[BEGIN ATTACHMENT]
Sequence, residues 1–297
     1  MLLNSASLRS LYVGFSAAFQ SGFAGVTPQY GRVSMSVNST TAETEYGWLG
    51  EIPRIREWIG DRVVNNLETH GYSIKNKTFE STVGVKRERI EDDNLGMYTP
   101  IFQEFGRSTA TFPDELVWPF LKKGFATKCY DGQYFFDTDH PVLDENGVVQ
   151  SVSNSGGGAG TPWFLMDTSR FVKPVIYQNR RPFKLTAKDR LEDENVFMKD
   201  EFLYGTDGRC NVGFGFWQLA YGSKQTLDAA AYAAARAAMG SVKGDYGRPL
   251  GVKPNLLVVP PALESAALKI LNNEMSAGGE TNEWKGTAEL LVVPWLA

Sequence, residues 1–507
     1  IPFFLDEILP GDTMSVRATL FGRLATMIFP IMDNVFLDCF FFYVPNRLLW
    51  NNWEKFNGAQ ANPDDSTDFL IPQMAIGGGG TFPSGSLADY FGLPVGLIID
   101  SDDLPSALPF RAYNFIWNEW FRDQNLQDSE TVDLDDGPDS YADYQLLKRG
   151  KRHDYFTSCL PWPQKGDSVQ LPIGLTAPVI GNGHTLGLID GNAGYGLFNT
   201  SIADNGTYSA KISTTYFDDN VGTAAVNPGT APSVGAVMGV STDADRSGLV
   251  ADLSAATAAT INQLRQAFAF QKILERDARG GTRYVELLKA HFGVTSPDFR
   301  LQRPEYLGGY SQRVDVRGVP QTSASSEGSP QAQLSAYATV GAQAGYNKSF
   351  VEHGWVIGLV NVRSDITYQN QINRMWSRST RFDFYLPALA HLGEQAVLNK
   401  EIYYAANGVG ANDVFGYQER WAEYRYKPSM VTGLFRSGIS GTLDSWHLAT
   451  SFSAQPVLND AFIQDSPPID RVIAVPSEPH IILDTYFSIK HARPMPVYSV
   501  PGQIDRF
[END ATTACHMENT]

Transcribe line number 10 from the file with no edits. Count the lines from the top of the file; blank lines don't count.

    51  NNWEKFNGAQ ANPDDSTDFL IPQMAIGGGG TFPSGSLADY FGLPVGLIID